Quarantine from the Eyes of a College Senior

Quarantine from the Eyes of a College Senior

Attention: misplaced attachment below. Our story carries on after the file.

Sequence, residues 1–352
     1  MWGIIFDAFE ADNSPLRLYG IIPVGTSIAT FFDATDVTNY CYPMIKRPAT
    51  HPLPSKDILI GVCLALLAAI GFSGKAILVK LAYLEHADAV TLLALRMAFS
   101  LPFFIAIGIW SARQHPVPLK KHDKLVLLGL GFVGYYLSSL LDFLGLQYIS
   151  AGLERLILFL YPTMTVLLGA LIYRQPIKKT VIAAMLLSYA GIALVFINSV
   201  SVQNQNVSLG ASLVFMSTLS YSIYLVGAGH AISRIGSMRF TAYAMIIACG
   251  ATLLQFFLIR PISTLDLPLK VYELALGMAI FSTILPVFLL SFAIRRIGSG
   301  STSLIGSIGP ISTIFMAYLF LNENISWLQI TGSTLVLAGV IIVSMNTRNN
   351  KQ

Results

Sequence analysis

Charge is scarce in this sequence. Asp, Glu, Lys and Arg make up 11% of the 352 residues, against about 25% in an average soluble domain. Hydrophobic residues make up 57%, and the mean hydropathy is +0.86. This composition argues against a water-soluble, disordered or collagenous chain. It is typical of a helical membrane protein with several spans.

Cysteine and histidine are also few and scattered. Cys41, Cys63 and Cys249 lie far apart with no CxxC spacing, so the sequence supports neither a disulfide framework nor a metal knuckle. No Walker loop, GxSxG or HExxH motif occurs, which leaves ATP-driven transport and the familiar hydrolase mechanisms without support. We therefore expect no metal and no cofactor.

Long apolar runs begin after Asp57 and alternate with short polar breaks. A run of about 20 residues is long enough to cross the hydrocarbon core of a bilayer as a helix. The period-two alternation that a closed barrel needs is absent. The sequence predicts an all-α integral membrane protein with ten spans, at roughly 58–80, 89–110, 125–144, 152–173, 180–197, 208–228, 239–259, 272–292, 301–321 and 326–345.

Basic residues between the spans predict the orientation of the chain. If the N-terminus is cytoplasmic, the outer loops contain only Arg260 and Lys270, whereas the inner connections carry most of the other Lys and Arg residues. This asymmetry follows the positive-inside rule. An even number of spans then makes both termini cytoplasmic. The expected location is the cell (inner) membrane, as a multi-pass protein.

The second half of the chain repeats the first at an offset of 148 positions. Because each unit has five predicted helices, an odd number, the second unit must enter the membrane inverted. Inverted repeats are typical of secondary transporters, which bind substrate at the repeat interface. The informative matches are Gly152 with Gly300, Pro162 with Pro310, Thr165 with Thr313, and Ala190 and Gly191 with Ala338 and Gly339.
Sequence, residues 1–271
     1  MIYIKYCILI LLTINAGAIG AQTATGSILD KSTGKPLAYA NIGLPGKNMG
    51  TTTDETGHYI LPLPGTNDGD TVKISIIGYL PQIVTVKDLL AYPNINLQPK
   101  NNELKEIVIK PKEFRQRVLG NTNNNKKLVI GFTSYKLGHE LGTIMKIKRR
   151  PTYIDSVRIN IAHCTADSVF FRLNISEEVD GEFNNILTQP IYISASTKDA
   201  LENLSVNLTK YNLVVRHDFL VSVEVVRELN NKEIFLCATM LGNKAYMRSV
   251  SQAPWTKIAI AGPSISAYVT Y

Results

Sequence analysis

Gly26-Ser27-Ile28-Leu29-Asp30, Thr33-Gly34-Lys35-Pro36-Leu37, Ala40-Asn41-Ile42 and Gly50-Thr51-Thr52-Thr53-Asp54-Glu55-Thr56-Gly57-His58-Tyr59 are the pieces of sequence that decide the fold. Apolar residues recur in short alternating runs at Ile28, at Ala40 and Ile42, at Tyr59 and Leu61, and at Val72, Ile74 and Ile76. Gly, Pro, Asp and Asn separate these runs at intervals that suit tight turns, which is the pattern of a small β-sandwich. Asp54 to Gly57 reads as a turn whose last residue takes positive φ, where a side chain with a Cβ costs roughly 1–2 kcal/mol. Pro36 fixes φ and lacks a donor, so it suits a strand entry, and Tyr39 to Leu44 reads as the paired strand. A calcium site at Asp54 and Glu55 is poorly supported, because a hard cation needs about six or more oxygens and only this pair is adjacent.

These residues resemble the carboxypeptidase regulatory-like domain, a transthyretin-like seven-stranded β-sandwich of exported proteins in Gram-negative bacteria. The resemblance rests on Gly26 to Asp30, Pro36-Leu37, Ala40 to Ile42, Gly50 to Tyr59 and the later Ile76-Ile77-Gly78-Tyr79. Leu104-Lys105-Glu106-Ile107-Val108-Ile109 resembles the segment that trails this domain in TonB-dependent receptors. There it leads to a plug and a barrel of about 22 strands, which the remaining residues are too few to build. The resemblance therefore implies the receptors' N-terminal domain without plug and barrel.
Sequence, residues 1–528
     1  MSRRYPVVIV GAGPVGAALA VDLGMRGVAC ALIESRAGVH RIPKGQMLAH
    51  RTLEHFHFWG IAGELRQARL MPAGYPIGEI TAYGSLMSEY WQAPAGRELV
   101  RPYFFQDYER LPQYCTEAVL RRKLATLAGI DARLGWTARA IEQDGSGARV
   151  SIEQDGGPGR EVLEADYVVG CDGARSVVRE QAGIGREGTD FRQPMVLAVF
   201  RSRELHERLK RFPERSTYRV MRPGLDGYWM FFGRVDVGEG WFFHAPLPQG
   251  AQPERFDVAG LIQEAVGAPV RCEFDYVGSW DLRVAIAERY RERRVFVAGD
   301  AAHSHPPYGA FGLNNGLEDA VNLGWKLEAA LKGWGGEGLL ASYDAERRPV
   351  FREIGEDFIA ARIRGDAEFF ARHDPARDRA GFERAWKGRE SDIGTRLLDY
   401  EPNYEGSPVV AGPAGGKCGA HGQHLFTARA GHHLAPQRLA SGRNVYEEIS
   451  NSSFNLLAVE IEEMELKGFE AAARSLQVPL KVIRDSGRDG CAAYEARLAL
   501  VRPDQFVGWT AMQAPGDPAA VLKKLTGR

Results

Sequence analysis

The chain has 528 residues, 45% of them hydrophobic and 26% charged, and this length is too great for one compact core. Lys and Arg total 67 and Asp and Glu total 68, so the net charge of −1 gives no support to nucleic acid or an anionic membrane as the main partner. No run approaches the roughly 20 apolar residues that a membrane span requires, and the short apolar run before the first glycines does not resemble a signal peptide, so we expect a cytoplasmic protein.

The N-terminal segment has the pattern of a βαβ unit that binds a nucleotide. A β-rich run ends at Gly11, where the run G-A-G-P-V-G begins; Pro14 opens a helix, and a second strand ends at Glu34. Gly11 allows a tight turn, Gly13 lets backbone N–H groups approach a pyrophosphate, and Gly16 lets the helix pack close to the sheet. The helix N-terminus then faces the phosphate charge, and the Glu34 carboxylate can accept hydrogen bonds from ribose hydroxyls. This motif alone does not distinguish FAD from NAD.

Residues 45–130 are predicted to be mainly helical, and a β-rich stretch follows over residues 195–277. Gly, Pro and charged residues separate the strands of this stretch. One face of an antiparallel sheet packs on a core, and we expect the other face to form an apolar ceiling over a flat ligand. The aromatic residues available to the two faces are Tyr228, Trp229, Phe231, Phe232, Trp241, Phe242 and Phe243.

by Michael Collura “... these are confusing times. I was hoping to hit the ground running after this semester, but my game plan has been turned upside down.” It is currently 9 o’clock on Friday night, May 15th, 2020. I am a student at the University of Delaware, majoring in biology with a minor in French, and I can proudly say that I am soon to be a graduating senior. Unfortunately, that makes this Friday one of my very last here in Newark — a couple more weekends, a few exams, and then on to the next chapter. Four amazing years flew by in a blindingly quick fashion, and the reality that it is over has yet to hit me. Right around this time each year, seniors celebrate the culmination of this four-year roller coaster we call college. From what I have seen of previous graduating classes, these last few months are meant to be filled with laughter and memories. One last glorious hoorah with our friends before we enter the ever ominous real world. So, how does a senior spend one of his last weekends in college, you might ask? Surely doing something exhilarating, right? Well, thanks to a little thing called the coronavirus, not really. I spent my Friday alone on the couch, reduced to binge-watching reality TV shows on Hulu. No music was playing, no friends were dancing, and no plans were made. There were no final hoorahs and no spring break trips; going to class now means staring at my friends through a laptop for hours each day. The last, and supposedly best, semester of the college experience was stripped away from seniors across the nation in an instant. I apologize if I seem to be wallowing in self-pity — I’m really not. I just feel that I speak for seniors as a whole when I say the wind has been taken from our sails. Although I feel a bit cheated by fate, I know very well that this situation is much bigger than I. Many people are suffering greatly from this pandemic, and I’m lucky enough that my friends and family are healthy. Things could certainly be worse. That said, the reality of the coronavirus pandemic seems nothing short of absurd to me. Look at it objectively. Through some sort of comically improbable snowball effect, a sick bat 8,000 miles away has somehow stolen half of my senior year from me. More importantly, it has rocked the entire world to its core. When my biology professor predicted in early February that there would be a massive outbreak and quarantine here in the states, I brushed her off. Now with over four million cases and 300,000 deaths worldwide, there is no denying the gravity of the situation. The economy is in shambles, millions are sick, people are out of work, and this disease is far from finished. Considering the magnitude of this whole scenario, I dare say we are living in a chapter from the history books of the future. Personally, as a graduating senior in search of a job, these are confusing times. I was hoping to hit the ground running after this semester, but my game plan has been turned upside down. I had become a certified New York State emergency medical technician (EMT) over the winter, and I was looking forward to getting out there as a first responder. It would have let me make some money doing something I enjoyed while I searched for a more permanent job suited to my interests in biology. This sounded great, but the coronavirus had other plans. New York City — my home — currently has the most coronavirus infections worldwide. Being an EMT, I would be interacting with countless people in the most infected city in the world. This would be foolish and would only put myself and my family at risk, so I had to put a hold on the EMT plan. Although circumstances are far from ideal, there is nothing I can do except stay positive and keep pushing forward. On a brighter note, I have used my extra free time during quarantine to focus more on my biology classes, and I may have found an interest in laboratory research because of it. It is a small step, but a step in the right direction none the less. With chin held high, the job search continues, and I wait to see what the future holds. As far as how I’ve kept busy outside of school, I have taken on some new hobbies. I have been reading philosophy books, I have taken up cooking, and most of all, I am more devoted to my fitness than ever before. Almost every day I do some combination of running, biking, lifting, and playing soccer. If I could suggest two bits of advice in these stressful times, it would be to find a hobby and to exercise. It is a lot easier to keep touch with your sanity when you are not cooped up and sitting still all day. I seem to have turned into a proper Energizer Bunny recently, so perhaps there was an upside to this quarantine after all. This quarantine is only as bad as we tell ourselves it is, so staying active and positive is what will get us all through this. I have no idea what the future holds in store, nor do I know when quarantine will be ending. Regardless, I intend to keep myself busy and to stay optimistic, and I hope everyone out there does too. Stay safe, stay strong, and wash your hands! From Brooklyn, New York, Michael Collura is 21 years old and a 2020 graduate of the University of Delaware.